BERNARD COHEN | Transportation and Public Works | C-
• Smart, serious New York transplant
• Unable to fit in with local cliques
• Pushed out; replaced with a familiar face
Cohen is the one cabinet secretary who has resigned during Patrick's first two years, replaced by veteran Beacon Hill insider Jim Aloisi, who just started the job this month.
Cohen ran into trouble with the governor's office when he began talking openly about the need to raise revenues — broaching, for example, the possibility of adding tolls to Route 93. "He was dressed down quickly," says one veteran State House watcher.
But the real problem, most agree, was that Cohen was brought in from New York, and lacked the political connections and skill to become an effective advocate, particularly when in combat with the legislature.
That might be an acceptable shortcoming at some junctures, but not when Patrick is planning to push a major restructuring of the state's transportation-related agencies and authorities.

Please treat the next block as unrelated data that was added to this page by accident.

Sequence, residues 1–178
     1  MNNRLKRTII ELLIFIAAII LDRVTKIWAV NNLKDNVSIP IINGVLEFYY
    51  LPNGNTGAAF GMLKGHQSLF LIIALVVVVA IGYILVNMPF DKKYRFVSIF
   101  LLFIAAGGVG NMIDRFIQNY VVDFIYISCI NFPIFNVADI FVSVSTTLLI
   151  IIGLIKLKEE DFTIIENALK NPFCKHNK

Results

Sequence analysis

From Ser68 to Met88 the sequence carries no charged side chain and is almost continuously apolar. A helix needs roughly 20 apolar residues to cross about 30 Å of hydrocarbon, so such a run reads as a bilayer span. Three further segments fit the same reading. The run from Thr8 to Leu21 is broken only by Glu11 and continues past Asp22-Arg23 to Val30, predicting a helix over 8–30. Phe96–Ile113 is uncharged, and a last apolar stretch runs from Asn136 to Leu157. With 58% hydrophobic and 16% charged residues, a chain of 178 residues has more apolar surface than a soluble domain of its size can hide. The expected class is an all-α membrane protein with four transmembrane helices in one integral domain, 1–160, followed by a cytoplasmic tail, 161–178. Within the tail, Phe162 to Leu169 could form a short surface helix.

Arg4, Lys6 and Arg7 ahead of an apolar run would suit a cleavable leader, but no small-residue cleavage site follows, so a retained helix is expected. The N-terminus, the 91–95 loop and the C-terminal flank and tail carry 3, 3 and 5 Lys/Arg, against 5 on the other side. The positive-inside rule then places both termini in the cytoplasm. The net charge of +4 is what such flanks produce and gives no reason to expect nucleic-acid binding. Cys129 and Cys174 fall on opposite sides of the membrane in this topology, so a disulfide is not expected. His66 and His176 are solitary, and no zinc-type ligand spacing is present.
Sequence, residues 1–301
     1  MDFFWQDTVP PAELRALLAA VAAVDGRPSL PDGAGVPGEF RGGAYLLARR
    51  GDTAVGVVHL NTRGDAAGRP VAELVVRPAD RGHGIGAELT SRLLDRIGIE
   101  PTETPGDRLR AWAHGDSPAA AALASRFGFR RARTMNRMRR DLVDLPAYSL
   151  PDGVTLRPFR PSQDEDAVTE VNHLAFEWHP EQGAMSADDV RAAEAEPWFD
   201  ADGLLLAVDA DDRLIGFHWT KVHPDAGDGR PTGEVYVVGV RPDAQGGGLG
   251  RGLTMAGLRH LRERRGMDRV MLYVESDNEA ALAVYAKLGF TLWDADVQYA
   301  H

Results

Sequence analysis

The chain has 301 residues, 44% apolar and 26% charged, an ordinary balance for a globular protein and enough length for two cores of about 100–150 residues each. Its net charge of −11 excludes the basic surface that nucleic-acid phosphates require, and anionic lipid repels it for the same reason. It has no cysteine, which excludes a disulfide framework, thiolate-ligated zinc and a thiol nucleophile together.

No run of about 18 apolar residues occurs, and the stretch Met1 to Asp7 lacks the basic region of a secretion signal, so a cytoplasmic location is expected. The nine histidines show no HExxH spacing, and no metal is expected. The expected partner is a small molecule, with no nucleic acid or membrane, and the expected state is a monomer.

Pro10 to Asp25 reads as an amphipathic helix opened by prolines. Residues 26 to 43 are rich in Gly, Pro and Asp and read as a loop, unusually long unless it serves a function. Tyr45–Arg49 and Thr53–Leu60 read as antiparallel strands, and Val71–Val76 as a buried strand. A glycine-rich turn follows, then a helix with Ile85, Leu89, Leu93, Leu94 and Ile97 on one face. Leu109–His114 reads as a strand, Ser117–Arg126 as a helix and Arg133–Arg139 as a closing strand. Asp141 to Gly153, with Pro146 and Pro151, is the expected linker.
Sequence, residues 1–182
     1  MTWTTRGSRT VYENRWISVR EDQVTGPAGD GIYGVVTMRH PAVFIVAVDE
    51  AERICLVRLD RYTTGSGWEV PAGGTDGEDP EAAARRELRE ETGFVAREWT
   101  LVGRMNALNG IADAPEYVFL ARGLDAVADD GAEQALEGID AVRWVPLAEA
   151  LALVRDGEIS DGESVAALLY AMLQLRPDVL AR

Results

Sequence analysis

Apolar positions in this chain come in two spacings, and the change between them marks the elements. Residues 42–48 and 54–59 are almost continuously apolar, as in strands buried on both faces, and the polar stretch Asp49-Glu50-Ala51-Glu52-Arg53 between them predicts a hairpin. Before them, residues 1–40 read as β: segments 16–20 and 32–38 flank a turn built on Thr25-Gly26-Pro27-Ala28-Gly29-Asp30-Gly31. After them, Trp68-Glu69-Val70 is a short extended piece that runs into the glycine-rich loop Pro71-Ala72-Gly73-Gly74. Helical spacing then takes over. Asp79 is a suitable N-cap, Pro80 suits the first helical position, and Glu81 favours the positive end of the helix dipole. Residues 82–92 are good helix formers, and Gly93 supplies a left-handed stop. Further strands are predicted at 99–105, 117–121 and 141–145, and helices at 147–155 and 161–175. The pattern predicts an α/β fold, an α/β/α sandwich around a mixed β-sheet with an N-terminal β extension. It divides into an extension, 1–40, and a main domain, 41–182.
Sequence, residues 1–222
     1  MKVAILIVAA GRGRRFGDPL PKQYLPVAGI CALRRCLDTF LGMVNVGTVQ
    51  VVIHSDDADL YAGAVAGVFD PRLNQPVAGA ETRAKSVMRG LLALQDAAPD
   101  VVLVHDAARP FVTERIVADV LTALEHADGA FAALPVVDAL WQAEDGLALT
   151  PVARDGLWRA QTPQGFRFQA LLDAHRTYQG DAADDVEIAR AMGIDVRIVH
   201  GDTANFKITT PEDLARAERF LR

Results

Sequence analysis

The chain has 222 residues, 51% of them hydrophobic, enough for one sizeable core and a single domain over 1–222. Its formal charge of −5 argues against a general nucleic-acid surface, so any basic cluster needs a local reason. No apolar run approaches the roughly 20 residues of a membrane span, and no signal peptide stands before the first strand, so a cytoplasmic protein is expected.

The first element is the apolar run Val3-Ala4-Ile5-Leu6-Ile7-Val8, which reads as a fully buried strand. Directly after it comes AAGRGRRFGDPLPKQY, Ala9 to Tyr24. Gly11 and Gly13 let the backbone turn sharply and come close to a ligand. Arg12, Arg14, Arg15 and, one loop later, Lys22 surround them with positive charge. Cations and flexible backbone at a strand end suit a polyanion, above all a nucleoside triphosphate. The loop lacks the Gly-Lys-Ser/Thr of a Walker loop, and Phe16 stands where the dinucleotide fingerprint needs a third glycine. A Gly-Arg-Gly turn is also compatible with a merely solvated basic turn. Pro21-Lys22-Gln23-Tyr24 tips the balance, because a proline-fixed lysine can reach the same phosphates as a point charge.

"He's a policy wonk," says one State House observer. "He didn't understand the politics, and didn't understand the system."
"We're not friendly to outsiders [in Massachusetts]," says Kevin Phelan, president of Colliers Meredith & Grew and a long-time Boston insider. "It takes a while to get inside the tent."
In Cohen's case, it took too long, and he was shown the door.
When Patrick named Aloisi as his replacement, it led to some public uproar — Aloisi is, after all, not only a major Democratic fundraiser, but also a Big Dig veteran. But almost everybody the Phoenix spoke with says that Aloisi is the perfect person for the job.
"Aloisi is a brilliant, brilliant pick," says Baerlein. "At some point you want somebody with a great intellect and impeccable judgment in that role."
The aforementioned State House observer puts it differently: "He's from Eastie — he takes no shit." Expect this grade to improve.